(3) Pot-traps having bodies 6" in diameter and having 1" or 1" connections may, however, be considered safe when they are not exposed to the repeated action of plunger water-closets of the largest water-capacity.

II. Experiments on Back Pressure.

These experiments were made on the basement floor, just above the horizontal run of the soil-pipe. They may be subdivided into (A) those in which the traps were tested without vertical extension of the inlet arm; and (B) those in which the traps had their inlet arms extended. The water-closet used was a Zane's trapped plunger-closet.

(A) Experiments on Traps without Vertical Extension.

(a) An S-trap having the ordinary length of inlet-arm, under the discharge of the water-closet alone. The first discharge threw the water out of the trap, projecting it several feet in the air, and broke the seal. The experiment was often repeated with the same result.

(b) The same result attended the discharge of the water-closet, simultaneously with the bath-tub, only that the greater power of the action threw out more water from the trap, leaving the level considerably below the top of the mouth of the inlet-pipe. Several repetitions of the test produced the same result.

(c) The above experiments were repeated with a trap-less plunger-closet. The results were substantially the same.

(d) A 4" pot-trap lost its seal in four discharges of the water-closet alone. The top of the inlet-arm stood 2" above the top of the seal.

(e) The same trap lost its seal in a single discharge of the water-closet and bath-tub together.

(f) The same traps were tested with a trapless plunger-closet, with substantially the same results. Figure 26 shows the manner in which the water is blown out of a large pot-trap by back-pressure.

The Siphonage And Evaporation Of Traps Report To T 610

Fig. 26 (580).

(g) An 8" pot-trap lost 2" of its seal in seven discharges of the trapped-closet discharged alone. The top of the inlet-pipe stood 3" above the top of the seal.

(h) The same trap lost its entire seal of 3" by the fourteen discharges of the water-closet and bath-tub together. (B) Experiments on Traps with Vertical Extension.

(a) An ordinary 1" cast-lead S-trap with an extension of 1' 4" of 1" lead-pipe attached to the top of its inletarm, making the top of the extension 22" above the top of the seal was tested. No water was thrown out of the trap by the discharge of the water-closet, either trapped or un-trapped, and whether alone or together with the bath-tub; but in all cases air was forcibly driven through the water forced into the inlet-pipe, because the volume of water in the trap was insufficient to outweigh the back-pressure.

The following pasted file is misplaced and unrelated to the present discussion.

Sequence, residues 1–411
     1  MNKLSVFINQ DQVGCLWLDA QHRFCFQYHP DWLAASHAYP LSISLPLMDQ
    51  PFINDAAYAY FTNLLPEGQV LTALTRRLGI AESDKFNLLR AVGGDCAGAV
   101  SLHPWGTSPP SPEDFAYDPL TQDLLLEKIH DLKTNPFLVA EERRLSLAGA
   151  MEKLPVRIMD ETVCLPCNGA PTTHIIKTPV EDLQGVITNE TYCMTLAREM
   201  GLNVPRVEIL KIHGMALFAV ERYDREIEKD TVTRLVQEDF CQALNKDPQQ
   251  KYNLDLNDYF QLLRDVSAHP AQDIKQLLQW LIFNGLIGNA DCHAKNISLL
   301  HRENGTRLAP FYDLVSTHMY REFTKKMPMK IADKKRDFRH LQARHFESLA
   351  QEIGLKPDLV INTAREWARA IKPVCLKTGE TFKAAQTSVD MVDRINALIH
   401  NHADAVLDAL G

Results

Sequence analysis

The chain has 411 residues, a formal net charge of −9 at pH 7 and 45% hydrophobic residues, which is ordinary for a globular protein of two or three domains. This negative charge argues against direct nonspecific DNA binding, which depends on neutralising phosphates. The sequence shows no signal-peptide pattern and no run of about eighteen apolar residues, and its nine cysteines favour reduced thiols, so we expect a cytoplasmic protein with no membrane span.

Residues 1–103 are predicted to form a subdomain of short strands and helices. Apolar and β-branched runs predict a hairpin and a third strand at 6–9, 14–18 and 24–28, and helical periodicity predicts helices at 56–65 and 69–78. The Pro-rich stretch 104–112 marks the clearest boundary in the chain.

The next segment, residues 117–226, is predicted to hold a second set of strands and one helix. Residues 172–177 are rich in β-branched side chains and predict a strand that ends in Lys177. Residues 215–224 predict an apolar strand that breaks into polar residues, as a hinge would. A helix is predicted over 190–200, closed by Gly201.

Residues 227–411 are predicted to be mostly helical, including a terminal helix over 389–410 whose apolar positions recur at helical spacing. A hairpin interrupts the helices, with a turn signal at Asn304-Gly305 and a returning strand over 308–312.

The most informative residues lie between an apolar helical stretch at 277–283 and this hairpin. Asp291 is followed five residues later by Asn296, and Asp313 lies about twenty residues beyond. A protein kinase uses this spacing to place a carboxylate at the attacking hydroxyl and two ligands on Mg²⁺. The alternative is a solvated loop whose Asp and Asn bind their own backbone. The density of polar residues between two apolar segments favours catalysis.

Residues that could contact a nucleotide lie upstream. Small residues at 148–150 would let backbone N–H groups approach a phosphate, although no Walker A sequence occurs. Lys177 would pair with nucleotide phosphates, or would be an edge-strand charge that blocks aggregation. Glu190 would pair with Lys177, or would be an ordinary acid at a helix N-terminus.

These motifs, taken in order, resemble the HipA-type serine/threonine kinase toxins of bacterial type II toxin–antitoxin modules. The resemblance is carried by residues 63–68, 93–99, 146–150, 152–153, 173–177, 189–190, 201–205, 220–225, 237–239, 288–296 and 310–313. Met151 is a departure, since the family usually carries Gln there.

(b) The same result attended the tests made with a 24" extension-pipe.

(c) An S-trap having 5" of seal without extension lost its seal in all cases; but with an extension of 1' 4" the water was not thrown out by discharges of the water-closet alone, or in combination with the bath-tub, and whether the closet was trapped or trapless. With this trap, moreover, the large volume of water was, with the extension sufficient to overbalance the pressure of the air, and no bubbles were driven through the trap.

(d) The same deep trap was then tested after half its seal had been removed, as by evaporation, or other accident. In this case the trap acted exactly as did the ordinary shallow-sealed, cast-lead S-trap before described, and always allowed air to be driven through it.

(e) A 4" pot-trap was then tested with the 1' 4" extension, bringing the top of the pipe 18" above the seal. No water was driven out of the trap, and no bubbles forced through the water under any of the four conditions under which the tests were made as described for the others.

(f) The same trap with a 6" extension bringing the top of the pipe 8" above the top of the seal lost its entire seal in two discharges of the water-closet and bath-tub together. The volume of the water in the trap was sufficient, but the pipe was not long enough to allow of the formation of a column sufficiently high to resist the air-pressure.

(g) An 8" pot-trap with 1' 4" extension lost no water, and allowed no air to pass under either of the four tests.

(h) The same results attended the tests on this trap, having an extension of only 12".

(i) The trap was next tried with 9" of extension, with the same results.

(j) The extension was finally reduced to 6" bringing the top of the pipe 9" above the top of the seal. In this case the water was driven out of the trap.

(k) A "Sanitas" trap was then tested, and the results were substantially the same as with the 8" pot-trap.

Deductions from the Experiments on Back-Pressure.

From these experiments we learn (1) that in traps which are unventilated back-pressure may be resisted by constructing them in such a manner that they shall contain a large volume of water, and by setting them far enough below the fixture to admit of the formation in the waste-pipe above the trap of a column of water large enough to outweigh the back-pressure of the air.

(2) That the back-pressure in the tests herein recorded was sufficient to balance a column of water between 9" and 12" long, plus the depth of the water forming the seal. Calling the depth in the average trap 3", our water-column was not less than 12" or 15" in height. This is equivalent to one thirty-second or one twenty-fifth of an atmosphere, (0.43 or 0.56 lbs. to the square inch.).

(3) The back-pressure likely to be encountered in properly-plumbed houses will probably never exceed that obtained in the tests above recorded, since all the conditions most favorable to produce it were here combined. Hence any trap may be considered safe against back-pressure which is so formed as to contain a body of water large enough to fill the waste-pipe full to a height of 12" or 15" (including its own seal), and which is so set as to admit of the formation of this column.